Bernhard Hidding joined the Physics Department in 2013 and holds the Chair of Experimental Physics at SCAPA, the Scottish Centre for the Application of Plasma-based Accelerators http://www.scapa.ac.uk/ ) This facility, a collaboration between various SUPA groups, aims at developing high power laser-plasma accelerator technology towards a number of applications for use in material science, chemistry, biology and medicine. Bernhard’s research concentrates on laser wakefield acceleration (LWFA) and beam-driven plasma wakefield acceleration (PWFA) of electrons, and resulting applications such as imaging techniques and advanced light sources. Before coming to Strathclyde, Bernhard was at University of Hamburg/CFEL/DESY, where he still maintains a group which is now closely collaborating with Strathclyde.
One flagship project is the development of a so-called "underdense plasma photocathode", which may lead to the production of monoenergetic electron beams with much higher quality than ever before. The emittance and brightness of these electron beams may exceed even that of the best state-of-the-art accelerators such as those used for light sources such s the LCLS at SLAC or the XFEL at DESY by a wide margin. At the same time, while these accelerators require km-scale tunnel systems for acceleration, plasma accelerators can boost the electrons to comparable energies on the metre-scale. By decoupling the acceleration process in the plasma wave from the generation of the electron bunch directly inside the plasma wave cavity in a process also known as "Trojan Horse" plasma wakefield acceleration, unprecedented controllability and electron bunch quality is made feasible. A key feature of this process is to release the electrons with a tightly focused, relatively low energy laser pulse via photoionization, thereby producing ultracold electrons which minimize the emittance of the beam. In turn, the brightness of the electron beam is boosted, which is crucial for light sources such as free-electron lasers. This could open the door towards ultracompact xray free electron lasers with enhanced performance for imaging techniques of ultrafast processes such as those in single molecules, which is an ultimate goal towards understanding fundamental processes occuring in nature and to develop novel drugs and materials. At SCAPA, work is underway to realize the underdense photocathode based on hybrid LWFA/PWFA acceleration. In the E-210 “Trojan Horse” collaboration at FACET at the Stanford Linear Accelerator Center, the 23 GeV electron beam will be used for proof-of-concept experiments.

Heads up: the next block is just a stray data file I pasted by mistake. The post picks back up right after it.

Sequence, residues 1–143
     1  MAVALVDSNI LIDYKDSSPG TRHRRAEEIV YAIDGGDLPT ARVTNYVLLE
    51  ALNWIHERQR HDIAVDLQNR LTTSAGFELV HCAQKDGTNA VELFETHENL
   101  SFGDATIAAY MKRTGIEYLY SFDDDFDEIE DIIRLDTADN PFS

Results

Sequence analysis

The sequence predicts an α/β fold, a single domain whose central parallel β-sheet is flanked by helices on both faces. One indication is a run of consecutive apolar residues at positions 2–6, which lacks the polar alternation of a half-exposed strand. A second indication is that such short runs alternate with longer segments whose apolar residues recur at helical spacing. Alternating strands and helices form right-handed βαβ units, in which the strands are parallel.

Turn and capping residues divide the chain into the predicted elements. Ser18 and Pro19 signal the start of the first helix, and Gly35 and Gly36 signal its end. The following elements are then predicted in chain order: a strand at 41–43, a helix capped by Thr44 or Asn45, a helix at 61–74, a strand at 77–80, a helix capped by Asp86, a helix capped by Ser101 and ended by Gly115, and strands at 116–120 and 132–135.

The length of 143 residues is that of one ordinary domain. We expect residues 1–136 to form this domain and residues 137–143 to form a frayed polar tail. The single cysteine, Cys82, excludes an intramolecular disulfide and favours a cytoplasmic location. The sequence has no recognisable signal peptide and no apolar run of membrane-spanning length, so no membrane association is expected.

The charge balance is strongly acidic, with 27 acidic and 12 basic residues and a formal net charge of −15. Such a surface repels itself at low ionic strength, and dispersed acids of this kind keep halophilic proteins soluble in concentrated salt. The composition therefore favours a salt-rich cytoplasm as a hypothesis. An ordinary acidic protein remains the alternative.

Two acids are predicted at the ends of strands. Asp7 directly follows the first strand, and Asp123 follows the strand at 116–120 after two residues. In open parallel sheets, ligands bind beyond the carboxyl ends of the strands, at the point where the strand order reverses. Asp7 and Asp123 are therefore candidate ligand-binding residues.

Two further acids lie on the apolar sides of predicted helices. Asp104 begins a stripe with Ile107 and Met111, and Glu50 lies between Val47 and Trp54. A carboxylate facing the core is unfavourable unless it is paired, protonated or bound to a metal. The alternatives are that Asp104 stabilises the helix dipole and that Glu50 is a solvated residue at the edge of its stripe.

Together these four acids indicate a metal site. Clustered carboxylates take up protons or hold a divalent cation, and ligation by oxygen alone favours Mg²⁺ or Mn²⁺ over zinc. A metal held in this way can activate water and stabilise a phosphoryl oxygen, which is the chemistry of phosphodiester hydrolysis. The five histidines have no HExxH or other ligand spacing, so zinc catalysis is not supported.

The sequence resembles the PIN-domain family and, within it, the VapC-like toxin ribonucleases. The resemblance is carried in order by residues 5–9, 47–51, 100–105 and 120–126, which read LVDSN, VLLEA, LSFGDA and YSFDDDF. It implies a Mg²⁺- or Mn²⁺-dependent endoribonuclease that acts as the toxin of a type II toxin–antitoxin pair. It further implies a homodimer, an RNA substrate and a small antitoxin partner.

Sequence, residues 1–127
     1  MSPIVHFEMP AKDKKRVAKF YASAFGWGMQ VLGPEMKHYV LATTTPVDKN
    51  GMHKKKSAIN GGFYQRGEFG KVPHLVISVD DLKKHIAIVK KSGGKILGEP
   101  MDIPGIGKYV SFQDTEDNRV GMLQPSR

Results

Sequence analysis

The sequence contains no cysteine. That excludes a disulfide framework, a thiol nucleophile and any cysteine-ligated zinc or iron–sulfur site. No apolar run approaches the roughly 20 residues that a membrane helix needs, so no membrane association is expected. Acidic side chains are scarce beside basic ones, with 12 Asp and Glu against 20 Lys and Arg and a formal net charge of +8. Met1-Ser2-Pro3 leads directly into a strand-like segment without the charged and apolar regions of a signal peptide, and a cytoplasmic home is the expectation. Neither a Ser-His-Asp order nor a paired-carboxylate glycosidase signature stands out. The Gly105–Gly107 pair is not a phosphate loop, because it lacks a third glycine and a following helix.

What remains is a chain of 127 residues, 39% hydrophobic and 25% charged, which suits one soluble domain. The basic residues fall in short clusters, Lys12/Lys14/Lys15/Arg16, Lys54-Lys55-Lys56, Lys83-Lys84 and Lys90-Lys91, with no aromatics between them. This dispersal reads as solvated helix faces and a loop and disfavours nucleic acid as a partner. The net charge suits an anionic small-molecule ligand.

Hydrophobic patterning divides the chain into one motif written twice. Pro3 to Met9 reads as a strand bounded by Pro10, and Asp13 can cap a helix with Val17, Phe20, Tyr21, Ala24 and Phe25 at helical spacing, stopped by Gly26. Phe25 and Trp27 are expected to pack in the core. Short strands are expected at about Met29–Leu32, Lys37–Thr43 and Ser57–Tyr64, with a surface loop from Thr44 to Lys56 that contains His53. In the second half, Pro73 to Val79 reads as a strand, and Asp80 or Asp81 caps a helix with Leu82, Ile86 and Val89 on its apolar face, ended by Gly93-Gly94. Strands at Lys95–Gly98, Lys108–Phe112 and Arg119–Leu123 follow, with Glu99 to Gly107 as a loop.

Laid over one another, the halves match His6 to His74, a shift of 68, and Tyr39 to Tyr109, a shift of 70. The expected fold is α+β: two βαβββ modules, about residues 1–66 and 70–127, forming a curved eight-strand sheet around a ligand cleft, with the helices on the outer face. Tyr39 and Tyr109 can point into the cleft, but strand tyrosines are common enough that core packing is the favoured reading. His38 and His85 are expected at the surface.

Another project is the establishment of electron, proton and ion beams produced by laser-plasma-acceleration as an advanced radiation hardness testing technique of electronics in nuclear reactor environments, onboard aircrafts and space vessels such as satellites. Laser-plasma-accelerators are capable of producing high flux of very broad-band particle beams -- a feature they share with the actual radiation in space. For example, in the van Allen-belts, which are especially important since satellites such as GPS are positioned there, so called "killer electrons" can put satellites out of function. Using laser-plasma-accelerators, it is possible to exactly reproduce these killer electrons in the laboratory here on Earth, which offers dramatically better testing procedures on the one hand, and potentially may lead to the devlopment of much more radiation hard electronic components with higher performance for future space vessel electronics.
He is the Director of the Strathclyde Centre for Doctoral Training (SCDT) Plasma-based Particle and Light Sources (P-PALS), http://ppals.phys.strath.ac.uk/
The SCDT P-PALS is an international, multi-institutional and multi-disciplinary Centre for Doctoral Training, founded by the University of Strathclyde and partners in 2016. It covers a broad range of connected experimental, theoretical and computational areas in plasma physics, laser and particle beams, and applications such as novel light sources. It is driven by the transformative progress as regards the realization of compact, plasma-based radiation sources by an ever increasing number of research groups in academia and industry worldwide. This scientific progress requires the education and training of next generation research leaders with the capability to think out of the box, to contribute to cross-disciplinary and international collaborative R& D projects, and a realistic understanding of the importance of doability and how to put novel concepts and technologies to use, including their industrial realisation.